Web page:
At the 44th meeting of the Board of Commissioners held on 12th February 2016, the Competition and Fair Trading Commission considered an investigation report on the likely effect of the acquisition of MSB Limited by FDH Financial Holdings Limited.
After thoroughly considering the report and the submissions by the parties, the Commission found that the transaction may not likely result in substantial lessening of competition in the banking and foreign exchange trading markets. This finding was based on the following factors:
The Commission's investigations also showed that the transaction may result in some job losses. Further, there were concerns that the transaction may result in the closure of some MSB branches particularly those in rural areas which are key to fostering financial inclusion in Malawi.
In light of these findings, the Competition and Fair Trading Commission resolved to approve the transaction subject to the parties complying with the following undertakings:
Upon the parties agreeing to these undertakings, the Commission will sign a Memorandum of Undertaking with the parties to ensure that they are complied with.
CHARLOTTE WEZI MALONDA
In pursuit of its mandate of protecting consumers from unfair trading practices, the Competition and Fair Trading Commission has been undertaking inspections to maize selling points in some districts.
During the inspections, the Commission visited privately owned and ADMARC warehouses as part of a monitoring exercise for the availability and accessibility of maize to consumers. Over the past two days, our inspectors have visited maize selling points and warehouses in Lilongwe, Mchinji and Dowa districts.
Through the inspections, we have noted with concern that some traders are engaged in conducts that clearly violate the Competition and Fair Trading Act and the Consumer Protection Act.
Some of the unfair trading practices that have been reported to us are as follows:
In view of these findings, the CFTC would like to warn all maize traders in the country that withholding of goods for speculative purposes is prohibited and constitute a criminal offence under Section 43(1)(g) the Competition and Fair Trading Act (CFTA) and Section 6 of the Consumer Protection Act (CPA).
It is also an offence for traders to use incorrect measures or weights or any other forms of misrepresentations. Likewise, Section 43 of the CFTA prohibits traders from charging excessive prices which are exploitative to consumers.
The CFTC would, therefore, like to warn all maize traders in the country to cease and desist from engaging in the above conducts. Any trader found engaging in these practices commits an offence which attracts a fine of MK500,000.00 or an amount equivalent to the financial gains of the offence, whichever is higher, and five year imprisonment upon conviction.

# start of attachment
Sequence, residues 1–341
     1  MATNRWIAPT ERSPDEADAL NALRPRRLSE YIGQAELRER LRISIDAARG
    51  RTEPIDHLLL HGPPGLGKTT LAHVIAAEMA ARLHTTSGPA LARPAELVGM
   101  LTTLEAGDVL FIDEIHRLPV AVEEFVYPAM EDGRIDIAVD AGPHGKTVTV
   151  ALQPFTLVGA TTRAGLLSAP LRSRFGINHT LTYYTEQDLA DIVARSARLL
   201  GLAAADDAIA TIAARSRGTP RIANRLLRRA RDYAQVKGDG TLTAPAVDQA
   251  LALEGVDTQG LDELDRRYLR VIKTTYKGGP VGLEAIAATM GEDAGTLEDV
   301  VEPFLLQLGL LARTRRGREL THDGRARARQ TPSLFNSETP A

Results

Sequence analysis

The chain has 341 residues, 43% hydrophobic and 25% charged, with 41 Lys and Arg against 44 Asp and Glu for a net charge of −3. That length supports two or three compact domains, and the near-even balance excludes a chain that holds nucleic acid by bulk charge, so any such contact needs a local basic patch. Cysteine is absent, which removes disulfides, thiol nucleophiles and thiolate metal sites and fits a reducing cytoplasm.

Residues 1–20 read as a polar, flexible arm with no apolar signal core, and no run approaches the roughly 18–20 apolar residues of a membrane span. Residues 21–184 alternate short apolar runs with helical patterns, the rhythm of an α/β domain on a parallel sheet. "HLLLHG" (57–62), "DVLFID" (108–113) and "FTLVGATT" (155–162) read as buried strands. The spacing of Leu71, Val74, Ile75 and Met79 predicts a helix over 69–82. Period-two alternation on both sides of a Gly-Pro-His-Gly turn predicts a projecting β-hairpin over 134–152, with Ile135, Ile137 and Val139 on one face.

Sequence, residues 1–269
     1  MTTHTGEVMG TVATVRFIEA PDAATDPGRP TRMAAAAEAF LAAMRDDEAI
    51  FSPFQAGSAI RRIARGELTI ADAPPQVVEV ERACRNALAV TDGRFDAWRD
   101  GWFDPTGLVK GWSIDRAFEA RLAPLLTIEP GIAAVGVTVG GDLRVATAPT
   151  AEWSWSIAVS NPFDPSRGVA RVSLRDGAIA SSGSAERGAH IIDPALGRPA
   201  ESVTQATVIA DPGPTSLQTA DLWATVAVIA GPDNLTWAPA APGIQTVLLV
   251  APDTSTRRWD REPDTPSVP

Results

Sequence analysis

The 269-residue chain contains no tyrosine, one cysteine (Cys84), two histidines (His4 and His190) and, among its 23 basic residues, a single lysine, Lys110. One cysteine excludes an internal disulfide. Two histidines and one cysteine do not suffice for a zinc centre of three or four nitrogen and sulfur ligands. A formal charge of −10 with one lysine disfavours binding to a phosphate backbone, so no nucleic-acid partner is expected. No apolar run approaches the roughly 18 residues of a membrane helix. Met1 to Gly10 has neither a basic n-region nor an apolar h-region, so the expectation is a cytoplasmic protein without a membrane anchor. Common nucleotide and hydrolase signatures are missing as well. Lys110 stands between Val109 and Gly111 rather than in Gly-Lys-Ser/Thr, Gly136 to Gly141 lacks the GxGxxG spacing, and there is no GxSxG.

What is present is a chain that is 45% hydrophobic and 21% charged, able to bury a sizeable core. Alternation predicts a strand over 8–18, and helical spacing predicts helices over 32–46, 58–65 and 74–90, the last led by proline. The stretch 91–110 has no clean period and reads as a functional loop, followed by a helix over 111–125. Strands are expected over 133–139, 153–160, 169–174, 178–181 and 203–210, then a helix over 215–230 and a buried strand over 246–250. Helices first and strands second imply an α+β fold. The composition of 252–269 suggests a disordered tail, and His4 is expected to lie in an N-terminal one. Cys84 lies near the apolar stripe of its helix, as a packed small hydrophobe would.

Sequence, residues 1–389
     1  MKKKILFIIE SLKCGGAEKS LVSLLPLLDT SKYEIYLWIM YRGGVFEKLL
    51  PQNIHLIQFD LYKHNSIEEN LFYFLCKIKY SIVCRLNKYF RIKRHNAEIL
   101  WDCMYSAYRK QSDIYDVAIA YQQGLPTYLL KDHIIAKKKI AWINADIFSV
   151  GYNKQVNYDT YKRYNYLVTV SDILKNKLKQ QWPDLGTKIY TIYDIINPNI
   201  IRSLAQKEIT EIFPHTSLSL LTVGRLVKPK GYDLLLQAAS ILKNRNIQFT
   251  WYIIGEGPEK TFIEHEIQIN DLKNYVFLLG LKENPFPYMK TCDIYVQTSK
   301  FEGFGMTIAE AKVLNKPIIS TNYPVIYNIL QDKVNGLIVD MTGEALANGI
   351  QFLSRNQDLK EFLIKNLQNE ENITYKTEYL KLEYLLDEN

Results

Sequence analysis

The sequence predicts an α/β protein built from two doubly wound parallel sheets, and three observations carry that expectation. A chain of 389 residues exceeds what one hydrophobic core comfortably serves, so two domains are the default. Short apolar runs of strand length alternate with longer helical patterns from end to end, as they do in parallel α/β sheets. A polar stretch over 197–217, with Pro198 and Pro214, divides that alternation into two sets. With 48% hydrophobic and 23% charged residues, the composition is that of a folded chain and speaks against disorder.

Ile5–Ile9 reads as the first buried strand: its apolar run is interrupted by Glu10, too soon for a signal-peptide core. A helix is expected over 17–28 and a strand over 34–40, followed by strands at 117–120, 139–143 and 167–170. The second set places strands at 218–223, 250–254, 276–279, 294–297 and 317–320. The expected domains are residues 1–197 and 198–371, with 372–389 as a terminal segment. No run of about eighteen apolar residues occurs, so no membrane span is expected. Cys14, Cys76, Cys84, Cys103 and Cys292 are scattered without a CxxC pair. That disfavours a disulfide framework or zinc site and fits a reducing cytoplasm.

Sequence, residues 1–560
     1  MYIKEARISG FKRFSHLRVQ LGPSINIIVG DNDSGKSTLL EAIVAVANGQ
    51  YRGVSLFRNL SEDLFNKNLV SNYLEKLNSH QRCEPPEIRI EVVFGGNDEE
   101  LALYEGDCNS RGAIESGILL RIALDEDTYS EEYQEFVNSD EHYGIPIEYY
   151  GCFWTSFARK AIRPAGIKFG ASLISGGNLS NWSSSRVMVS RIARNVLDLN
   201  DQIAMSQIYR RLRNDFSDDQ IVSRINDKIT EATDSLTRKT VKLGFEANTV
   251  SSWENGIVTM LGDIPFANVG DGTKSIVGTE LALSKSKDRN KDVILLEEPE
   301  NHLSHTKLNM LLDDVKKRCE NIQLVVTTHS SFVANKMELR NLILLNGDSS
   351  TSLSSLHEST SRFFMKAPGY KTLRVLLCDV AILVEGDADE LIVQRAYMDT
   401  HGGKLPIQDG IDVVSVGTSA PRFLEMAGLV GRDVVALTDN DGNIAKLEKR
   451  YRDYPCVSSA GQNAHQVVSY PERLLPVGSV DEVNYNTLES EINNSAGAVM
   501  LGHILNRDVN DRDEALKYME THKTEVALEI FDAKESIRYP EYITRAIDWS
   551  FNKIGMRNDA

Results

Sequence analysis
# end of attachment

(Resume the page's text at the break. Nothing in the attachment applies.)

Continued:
CHARLOTTE WEZI MALONDA
Pursuant to Section 5 of the Competition and Fair Trading Act, it has pleased the President of the Republic of Malawi, His Excellency Professor Arthur Peter Mutharika, to appoint the following eminent Malawians as Commissioners for the Competition and Fair Trading Commission:-
As part of the ongoing public service reforms, the Competition and Fair Trading Commission (CFTC) wishes to inform the general public that the State President of the Republic of Malawi, His Excellency Prof. Arthur Peter Mutharika has approved reforms for the competition and consumer protection regime in Malawi.
The Competition and Fair Trading Commission (CFTC), a government agency with a mandate of regulating, monitoring, controlling and preventing acts or behaviour which are likely to adversely affect competition and consumer welfare in Malawi, will from 12th to 18th April host a delegation from the Fair Competition Commission (FCC) of Tanzania which will be on a study tour in Malawi.
Following increased consumer complaints, the Competition and Fair Trading Commission and the Ministry of Industry and Trade requested the Malawi Bureau of Standards (MBS) to conduct laboratory tests for Aqua Pure bottled water to determine its conformity with prescribed consumer safety standards, in particular MS 699- Mandatory Malawi Standard on Bottled Water other than Mineral Water Specification.
One of the functions of the Competition and Fair Trading Commission (CFTC) is to provide persons engaged in business with information regarding their rights and obligations under the Competition and Fair Trading Act and Consumer Protection Act.
In line with this, the CFTC has organised a series of Business Clinics in all the major trading districts in Malawi targeting private sector enterprises, trade associations, statutory regulatory agencies and civil society. During the Business Clinics, officials from the CFTC will sensitise stakeholders in specific sectors of the economy on their rights and obligations.